Miguel García-Garibay, professor of organic chemistry and dean of the division of physical sciences in the UCLA College, recently gave the Andrew Steitwieser lecture at UC Berkeley.

In a lecture titled “Crystalline Molecular Machines: Gearing Interactions by Mechanic and Dipolar Forces,” García-Garibay illustrated the development of smart materials and molecular machines as a result of considering the relation between internal molecular motion and order in condensed phase matter, their realization using several structural platforms and the tools used to determine rotational dynamics that range from static to the fastest motion that is possible, which is limited by the moment of inertia.

García-Garibay studies the interaction of light and molecules in crystals. Light can have enough energy to break and make bonds in molecules, and his research team has shown that crystals offer an opportunity to control the outcome of these chemical reactions. He has previously been recognized with the UCLA Herbert Newby McCoy Award, the UCLA Dean's Marshal Award for the Division of Physical Sciences and a NSF Career Award.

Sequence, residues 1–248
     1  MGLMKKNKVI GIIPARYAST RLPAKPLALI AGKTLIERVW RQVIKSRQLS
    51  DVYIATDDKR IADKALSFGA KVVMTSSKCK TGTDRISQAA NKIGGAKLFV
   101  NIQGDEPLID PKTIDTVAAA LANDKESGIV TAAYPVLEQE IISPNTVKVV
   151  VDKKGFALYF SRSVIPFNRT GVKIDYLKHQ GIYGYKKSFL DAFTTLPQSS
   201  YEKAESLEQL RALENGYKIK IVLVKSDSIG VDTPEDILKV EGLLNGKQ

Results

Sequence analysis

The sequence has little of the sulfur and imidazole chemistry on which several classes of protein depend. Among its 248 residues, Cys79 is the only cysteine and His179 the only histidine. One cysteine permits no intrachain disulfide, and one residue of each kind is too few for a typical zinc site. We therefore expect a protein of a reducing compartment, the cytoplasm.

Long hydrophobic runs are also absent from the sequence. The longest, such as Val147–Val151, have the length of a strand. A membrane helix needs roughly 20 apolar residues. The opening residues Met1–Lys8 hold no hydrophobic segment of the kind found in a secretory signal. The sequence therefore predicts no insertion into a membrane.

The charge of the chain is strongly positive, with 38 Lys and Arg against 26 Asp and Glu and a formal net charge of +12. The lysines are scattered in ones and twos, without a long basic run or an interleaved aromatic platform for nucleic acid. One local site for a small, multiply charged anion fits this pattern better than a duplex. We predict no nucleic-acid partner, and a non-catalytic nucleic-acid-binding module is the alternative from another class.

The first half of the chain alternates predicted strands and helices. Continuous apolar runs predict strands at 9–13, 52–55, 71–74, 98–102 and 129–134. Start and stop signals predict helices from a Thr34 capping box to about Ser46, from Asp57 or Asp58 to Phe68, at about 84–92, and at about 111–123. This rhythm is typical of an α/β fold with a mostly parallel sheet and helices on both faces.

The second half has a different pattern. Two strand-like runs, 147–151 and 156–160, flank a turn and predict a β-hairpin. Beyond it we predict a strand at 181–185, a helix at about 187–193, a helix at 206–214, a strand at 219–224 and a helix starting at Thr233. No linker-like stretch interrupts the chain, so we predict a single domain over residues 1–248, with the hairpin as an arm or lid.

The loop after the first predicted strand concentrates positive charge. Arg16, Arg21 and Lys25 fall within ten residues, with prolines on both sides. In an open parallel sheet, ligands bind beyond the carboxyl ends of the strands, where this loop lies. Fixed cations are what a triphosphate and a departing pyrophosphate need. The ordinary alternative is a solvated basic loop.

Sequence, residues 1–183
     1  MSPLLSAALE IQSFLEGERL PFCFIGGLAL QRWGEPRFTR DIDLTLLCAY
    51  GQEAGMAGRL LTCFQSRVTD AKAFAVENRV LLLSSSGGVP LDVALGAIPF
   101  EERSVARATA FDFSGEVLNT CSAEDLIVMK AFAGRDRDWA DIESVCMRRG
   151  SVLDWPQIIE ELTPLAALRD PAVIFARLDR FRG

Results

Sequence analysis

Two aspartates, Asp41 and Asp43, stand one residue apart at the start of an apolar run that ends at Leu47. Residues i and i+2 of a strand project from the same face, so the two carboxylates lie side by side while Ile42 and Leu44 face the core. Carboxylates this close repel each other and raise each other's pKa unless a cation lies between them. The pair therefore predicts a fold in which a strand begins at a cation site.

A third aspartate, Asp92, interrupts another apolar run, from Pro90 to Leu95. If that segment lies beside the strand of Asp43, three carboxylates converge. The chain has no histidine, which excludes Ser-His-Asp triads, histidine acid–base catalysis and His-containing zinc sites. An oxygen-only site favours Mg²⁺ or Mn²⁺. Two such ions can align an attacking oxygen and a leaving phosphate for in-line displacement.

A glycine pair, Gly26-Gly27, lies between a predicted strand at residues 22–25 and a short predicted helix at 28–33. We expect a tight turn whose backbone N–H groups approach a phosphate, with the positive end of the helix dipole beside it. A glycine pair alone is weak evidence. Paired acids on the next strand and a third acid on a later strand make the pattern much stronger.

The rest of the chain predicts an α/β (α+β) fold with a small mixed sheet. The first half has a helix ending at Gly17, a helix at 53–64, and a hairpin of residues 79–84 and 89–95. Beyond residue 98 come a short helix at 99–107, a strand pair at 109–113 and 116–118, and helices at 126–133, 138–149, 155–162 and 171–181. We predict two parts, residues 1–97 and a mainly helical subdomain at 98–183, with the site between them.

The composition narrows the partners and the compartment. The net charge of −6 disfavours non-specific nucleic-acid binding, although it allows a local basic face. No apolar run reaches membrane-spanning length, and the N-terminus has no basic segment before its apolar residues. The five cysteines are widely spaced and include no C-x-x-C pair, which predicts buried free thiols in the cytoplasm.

The annual lecture honors Andrew Streitwieser, professor emeritus at UC Berkeley, a leader in the field of physical organic chemistry. The Andrew Streitwieser Lecture in Physical Organic Chemistry was established in 2012 by his students, friends and colleagues to honor Streitwieser and his creativity, enthusiasm, love of discovery and spirit of collaboration.